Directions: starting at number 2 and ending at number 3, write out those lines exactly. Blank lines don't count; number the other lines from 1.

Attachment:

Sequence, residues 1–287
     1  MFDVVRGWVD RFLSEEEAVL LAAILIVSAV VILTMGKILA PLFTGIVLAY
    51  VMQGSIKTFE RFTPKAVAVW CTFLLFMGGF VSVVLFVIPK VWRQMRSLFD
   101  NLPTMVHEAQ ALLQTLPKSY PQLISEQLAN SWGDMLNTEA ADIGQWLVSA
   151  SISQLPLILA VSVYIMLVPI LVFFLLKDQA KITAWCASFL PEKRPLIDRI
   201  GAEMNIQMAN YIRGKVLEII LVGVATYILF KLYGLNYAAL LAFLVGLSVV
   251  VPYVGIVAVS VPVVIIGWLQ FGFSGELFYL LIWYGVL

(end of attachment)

     1  MFDVVRGWVD RFLSEEEAVL LAAILIVSAV VILTMGKILA PLFTGIVLAY
    51  VMQGSIKTFE RFTPKAVAVW CTFLLFMGGF VSVVLFVIPK VWRQMRSLFD